Clark Gable plays a card cheat who has to go on the lam to avoid a pesky cop. He meets a lonely, but slightly wild, librarian, Carole Lombard, while he is hiding out. The two get married ... See full summary »
Lil works for the Legendre Company and causes Bill to divorce Irene and marry her. She has an affair with businessman Gaerste and uses him to force society to pay attention to her. She has ... See full summary »
American showgirl Suzy is in London in 1914. She loves Irish inventor Terry who works for an engineering firm owned by a German woman. After their marriage Terry is murdered and Suzy flees ... See full summary »
Fisherman Dutch marries cannery worker Hattie. He quits his poorly paid job to concentrate on getting better working conditions as union leader. Unfortunately, the union members disagree ... See full summary »
Lou Ricarno is a smart guy. His plan is to organize the various gangs in Chicago so that the mugs will not liquidate each other. WIth the success of his leadership, Louie prospers, marries ... See full summary »
Nan, a racketeer's daughter, is in love with The Kid, a shooting gallery showman. Despite Nan's prodding, The Kid has no ambitions about joining the rackets and making enough money to ... See full summary »
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Bootlegger/cafe owner Ralph Bellamy recruits crude working man Wallace Beery to join his gang which is masterminded by crooked criminal defense lawyer Lewis Stone. Beery eventually takes over Bellamy's operation, beats a rival gang, becomes wealthy and dominates the city for several years until a secret group of 6 masked businessmen have him prosecuted and sent to the electric chair with the help of rival crusading newspapermen Clark Gable and Johnny Mack Brown. Waitress Jean Harlow is torn between her love for the honest newsman Brown and her financial dependence on her generous boss, Beery. Written by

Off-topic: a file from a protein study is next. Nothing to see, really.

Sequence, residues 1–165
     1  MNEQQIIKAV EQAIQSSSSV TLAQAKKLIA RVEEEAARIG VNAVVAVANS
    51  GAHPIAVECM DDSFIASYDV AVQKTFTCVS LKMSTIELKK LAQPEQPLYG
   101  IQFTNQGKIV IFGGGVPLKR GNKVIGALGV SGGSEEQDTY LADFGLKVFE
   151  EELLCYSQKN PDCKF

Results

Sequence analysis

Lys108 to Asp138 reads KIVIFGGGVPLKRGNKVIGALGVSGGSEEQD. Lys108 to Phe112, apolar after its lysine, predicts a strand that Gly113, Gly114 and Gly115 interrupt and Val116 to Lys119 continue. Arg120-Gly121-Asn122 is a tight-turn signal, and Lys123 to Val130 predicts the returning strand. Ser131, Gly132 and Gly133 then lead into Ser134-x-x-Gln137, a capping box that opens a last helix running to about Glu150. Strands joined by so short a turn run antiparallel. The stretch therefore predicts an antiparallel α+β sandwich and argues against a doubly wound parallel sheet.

After previewing Warner Bros. upcoming releases of "Public Enemy" and "Little Caeser," MGM production chief Irving Thalberg commissioned writer Francis Marion to come up with MGM's first real "talking" gangster picture. See more »
When Slaughterhouse is dividing up the money, the cash wad mysteriously switches from being held in both hands to just his right hand. See more »
[after being shot in the back by Scorpio]
Well, that serves me right. That's the first time I ever turned my back on you, you rat!
See more »
This crime drama features both an excellent cast and an excellent script by Frances Marion. The story could easily be filmed today and become a huge box office hit. Louie Scorpio (Wallace Beery) is an uneducated meathead from the streets with a thirst for money. He learns that bootlegging is a great way to get what he wants, so he joins up with Johnny (Ralph Bellamy) and "Newt" (Lewis Stone) who run a powerful gang in town. After bumping Johnny off, Louie becomes the leader and fixes half the town in his favor. Among the most desirable allies are the town reporters Hank (Johnny Mack Brown) and Carl (Clark Gable). He uses a beautiful dame (Jean Harlow) to keep them in line, but can't seem to shake the cops.
For an early talkie, the camera-work here is surprisingly innovative. There are scenes that feel very static and others that move fluidly through various sets. The lighting is fantastic and creates a beauty for a bleak storyline. Unfortunately, the sound quality isn't so impressive. Sometimes the dialogue is difficult to understand, so the story can become confusing in some areas. Thankfully, audiences will be able to figure things out fairly easily.
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